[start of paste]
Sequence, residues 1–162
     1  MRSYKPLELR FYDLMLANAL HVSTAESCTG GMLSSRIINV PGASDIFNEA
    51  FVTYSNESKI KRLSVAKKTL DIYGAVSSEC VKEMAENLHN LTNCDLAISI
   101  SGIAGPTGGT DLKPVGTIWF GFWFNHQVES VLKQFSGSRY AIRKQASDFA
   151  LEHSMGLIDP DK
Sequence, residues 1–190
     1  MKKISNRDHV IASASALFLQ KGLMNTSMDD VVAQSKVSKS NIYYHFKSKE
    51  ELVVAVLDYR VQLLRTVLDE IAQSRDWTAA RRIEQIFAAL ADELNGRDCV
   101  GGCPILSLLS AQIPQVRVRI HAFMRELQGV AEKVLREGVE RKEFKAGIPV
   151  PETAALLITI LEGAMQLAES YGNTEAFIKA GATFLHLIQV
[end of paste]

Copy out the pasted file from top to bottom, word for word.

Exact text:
Sequence, residues 1–162
     1  MRSYKPLELR FYDLMLANAL HVSTAESCTG GMLSSRIINV PGASDIFNEA
    51  FVTYSNESKI KRLSVAKKTL DIYGAVSSEC VKEMAENLHN LTNCDLAISI
   101  SGIAGPTGGT DLKPVGTIWF GFWFNHQVES VLKQFSGSRY AIRKQASDFA
   151  LEHSMGLIDP DK
Sequence, residues 1–190
     1  MKKISNRDHV IASASALFLQ KGLMNTSMDD VVAQSKVSKS NIYYHFKSKE
    51  ELVVAVLDYR VQLLRTVLDE IAQSRDWTAA RRIEQIFAAL ADELNGRDCV
   101  GGCPILSLLS AQIPQVRVRI HAFMRELQGV AEKVLREGVE RKEFKAGIPV
   151  PETAALLITI LEGAMQLAES YGNTEAFIKA GATFLHLIQV